Thymus hyperplasia

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Thymus hyperplasia
Other namesThymic hyperplasia
Specialty Immunology   OOjs UI icon edit-ltr-progressive.svg

Thymus hyperplasia refers to an enlargement ("hyperplasia") of the thymus. [1]

It is not always a disease state. The size of the thymus usually peaks during adolescence and atrophies in the following decades. Before the immune function of the thymus was well understood, the enlargement was sometimes seen as a cause for alarm, and justification for surgical reduction. This approach is much less common today.

It can be associated with myasthenia gravis. [2] [3] MRI can be used to distinguish it from thymoma. [4]

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Autoimmune regulator A transcription factor expressed in the medulla (inner part) of the thymus. It is part of the mechanism which eliminates self-reactive T cells that would cause autoimmune disease.

The autoimmune regulator (AIRE) is a protein that in humans is encoded by the AIRE gene. It is a 13kb gene on chromosome 21q22.3 that has 545 amino acids. AIRE is a transcription factor expressed in the medulla of the thymus. It is part of the mechanism which eliminates self-reactive T cells that would cause autoimmune disease. It exposes T cells to normal, healthy proteins from all parts of the body, and T cells that react to those proteins are destroyed.

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Involution is the shrinking or return of an organ to a former size. At a cellular level, involution is characterized by the process of proteolysis of the basement membrane, leading to epithelial regression and apoptosis, with accompanying stromal fibrosis. The consequent reduction in cell number and reorganization of stromal tissue leads to the reduction in the size of the organ.

One of the major characteristics of vertebrate immunology is thymic involution, the shrinking (involution) of the thymus with age, resulting in changes in the architecture of the thymus and a decrease in tissue mass. This process is genetically regulated, with the nucleic material responsible being an example of a conserved sequence — one maintained through natural selection since it arose in a common ancestor of all species now exhibiting it, via a phenomenon known to bioinformaticists as an orthologic sequence homology. The thymus involutes in almost all vertebrates, from birds, teleosts, amphibians to reptiles, though the thymi of a few species of sharks are known not to involute. T-cells are named for the thymus where T-lymphocytes migrate from the bone marrow to mature. Its regression has been linked to the reduction in immunosurveillance and the rise of infectious disease and cancer incidence in the elderly . Though thymic involution has been linked to immunosenescence, it is not induced by senescence as the organ starts involuting from a young age: in humans, as early as the first year after birth.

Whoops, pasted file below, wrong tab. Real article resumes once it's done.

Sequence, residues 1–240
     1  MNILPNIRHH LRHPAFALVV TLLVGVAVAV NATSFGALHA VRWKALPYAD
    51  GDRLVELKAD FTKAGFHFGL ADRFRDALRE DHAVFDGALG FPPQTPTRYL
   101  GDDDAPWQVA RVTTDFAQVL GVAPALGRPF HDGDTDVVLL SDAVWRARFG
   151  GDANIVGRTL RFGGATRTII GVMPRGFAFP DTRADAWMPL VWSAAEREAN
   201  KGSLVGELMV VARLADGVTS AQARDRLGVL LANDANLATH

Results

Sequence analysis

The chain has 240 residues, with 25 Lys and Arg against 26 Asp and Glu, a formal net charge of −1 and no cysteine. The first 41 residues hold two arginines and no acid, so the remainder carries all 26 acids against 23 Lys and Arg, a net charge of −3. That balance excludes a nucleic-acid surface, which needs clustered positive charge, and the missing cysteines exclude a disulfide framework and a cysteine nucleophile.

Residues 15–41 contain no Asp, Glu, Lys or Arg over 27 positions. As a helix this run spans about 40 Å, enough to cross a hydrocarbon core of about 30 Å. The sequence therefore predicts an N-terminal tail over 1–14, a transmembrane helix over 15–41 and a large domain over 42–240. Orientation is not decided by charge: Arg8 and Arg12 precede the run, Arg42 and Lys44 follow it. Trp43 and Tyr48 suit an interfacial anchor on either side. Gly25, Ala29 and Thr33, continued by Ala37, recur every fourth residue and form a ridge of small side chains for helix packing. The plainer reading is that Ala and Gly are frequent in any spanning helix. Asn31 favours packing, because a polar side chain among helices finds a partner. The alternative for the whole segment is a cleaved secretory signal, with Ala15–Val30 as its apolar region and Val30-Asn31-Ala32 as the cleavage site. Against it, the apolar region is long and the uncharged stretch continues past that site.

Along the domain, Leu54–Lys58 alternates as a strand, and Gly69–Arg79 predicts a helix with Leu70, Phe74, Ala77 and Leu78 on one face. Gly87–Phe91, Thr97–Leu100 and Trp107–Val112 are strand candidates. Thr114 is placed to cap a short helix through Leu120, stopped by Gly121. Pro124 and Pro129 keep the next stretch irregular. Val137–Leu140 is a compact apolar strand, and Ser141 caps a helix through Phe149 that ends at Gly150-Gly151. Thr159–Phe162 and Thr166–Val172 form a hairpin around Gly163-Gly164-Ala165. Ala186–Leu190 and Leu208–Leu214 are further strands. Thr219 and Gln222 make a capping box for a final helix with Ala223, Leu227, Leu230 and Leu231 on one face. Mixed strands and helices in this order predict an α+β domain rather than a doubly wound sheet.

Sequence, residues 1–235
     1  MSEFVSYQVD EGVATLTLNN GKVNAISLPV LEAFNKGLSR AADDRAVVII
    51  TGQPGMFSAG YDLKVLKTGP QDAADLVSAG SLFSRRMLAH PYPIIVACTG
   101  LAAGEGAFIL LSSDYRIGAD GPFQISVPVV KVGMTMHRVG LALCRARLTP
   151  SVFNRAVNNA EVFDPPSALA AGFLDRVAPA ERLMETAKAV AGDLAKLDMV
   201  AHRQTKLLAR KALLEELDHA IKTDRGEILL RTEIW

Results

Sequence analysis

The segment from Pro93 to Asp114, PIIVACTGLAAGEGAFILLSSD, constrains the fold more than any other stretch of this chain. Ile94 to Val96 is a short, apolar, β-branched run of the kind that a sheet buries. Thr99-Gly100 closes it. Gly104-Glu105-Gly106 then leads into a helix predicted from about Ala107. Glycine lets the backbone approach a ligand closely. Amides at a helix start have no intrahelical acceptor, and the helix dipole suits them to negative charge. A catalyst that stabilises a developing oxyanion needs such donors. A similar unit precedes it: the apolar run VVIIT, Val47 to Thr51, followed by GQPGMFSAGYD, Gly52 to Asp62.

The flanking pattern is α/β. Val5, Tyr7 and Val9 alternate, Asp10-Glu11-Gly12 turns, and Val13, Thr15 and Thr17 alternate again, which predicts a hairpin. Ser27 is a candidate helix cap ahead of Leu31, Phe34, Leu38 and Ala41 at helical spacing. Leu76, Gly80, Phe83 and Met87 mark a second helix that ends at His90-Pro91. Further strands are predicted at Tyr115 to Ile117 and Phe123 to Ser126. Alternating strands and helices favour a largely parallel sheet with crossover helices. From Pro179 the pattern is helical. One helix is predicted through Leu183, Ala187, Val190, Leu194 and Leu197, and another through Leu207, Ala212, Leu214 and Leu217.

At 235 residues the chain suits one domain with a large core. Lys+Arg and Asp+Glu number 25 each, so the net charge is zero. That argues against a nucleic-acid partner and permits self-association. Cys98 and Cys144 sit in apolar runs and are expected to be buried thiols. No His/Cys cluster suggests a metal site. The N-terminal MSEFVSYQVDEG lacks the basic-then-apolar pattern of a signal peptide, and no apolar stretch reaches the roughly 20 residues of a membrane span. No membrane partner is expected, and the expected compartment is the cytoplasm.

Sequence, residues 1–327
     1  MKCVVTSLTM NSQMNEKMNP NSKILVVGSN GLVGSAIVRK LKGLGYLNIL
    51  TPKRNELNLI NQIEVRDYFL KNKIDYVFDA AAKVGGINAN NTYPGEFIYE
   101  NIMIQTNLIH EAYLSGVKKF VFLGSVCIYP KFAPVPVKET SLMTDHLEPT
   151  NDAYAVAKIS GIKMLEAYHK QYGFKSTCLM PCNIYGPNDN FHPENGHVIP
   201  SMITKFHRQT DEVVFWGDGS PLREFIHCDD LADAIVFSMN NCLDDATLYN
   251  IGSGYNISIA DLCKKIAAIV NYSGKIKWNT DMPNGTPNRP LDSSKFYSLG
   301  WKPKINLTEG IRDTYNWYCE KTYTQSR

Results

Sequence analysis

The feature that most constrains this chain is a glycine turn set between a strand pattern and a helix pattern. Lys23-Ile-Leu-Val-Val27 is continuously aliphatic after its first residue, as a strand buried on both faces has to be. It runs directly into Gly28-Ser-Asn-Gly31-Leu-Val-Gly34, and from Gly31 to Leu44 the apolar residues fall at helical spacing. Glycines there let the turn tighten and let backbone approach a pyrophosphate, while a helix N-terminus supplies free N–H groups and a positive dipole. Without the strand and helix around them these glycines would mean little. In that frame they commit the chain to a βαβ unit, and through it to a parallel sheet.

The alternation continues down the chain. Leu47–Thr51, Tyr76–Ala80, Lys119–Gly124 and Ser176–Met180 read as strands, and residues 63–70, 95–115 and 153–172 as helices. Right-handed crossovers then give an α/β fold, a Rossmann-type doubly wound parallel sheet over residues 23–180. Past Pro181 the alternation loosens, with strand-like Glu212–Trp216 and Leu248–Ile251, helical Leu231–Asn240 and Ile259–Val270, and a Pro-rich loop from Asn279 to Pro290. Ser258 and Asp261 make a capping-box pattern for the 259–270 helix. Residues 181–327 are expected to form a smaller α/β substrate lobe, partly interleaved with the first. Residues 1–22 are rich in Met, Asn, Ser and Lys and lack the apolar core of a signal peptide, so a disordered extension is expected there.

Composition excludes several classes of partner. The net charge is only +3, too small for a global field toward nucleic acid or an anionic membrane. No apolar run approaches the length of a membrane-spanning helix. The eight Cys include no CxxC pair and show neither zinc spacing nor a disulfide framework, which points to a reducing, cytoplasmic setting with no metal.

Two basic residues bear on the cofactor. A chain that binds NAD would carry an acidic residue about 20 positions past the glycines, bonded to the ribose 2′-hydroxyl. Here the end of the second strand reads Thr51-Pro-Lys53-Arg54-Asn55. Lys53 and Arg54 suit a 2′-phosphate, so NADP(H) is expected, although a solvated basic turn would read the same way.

Thymus transplantation is a form of organ transplantation where the thymus is moved from one body to another.

References

  1. "eMedicine - Surgery of the Thymus Gland : Article by Said Fadi Yassin". 2019-02-26.Cite journal requires |journal= (help)
  2. "Thymus, hyperplasia". Medcyclopaedia. GE.
  3. Murakami M, Hosoi Y, Negishi T, et al. (November 1996). "Thymic hyperplasia in patients with Graves' disease. Identification of thyrotropin receptors in human thymus". J. Clin. Invest. 98 (10): 2228–34. doi:10.1172/JCI119032. PMC   507671 . PMID   8941638.
  4. Inaoka T, Takahashi K, Mineta M, et al. (June 2007). "Thymic hyperplasia and thymus gland tumors: differentiation with chemical shift MR imaging". Radiology. 243 (3): 869–76. doi:10.1148/radiol.2433060797. PMID   17463136.
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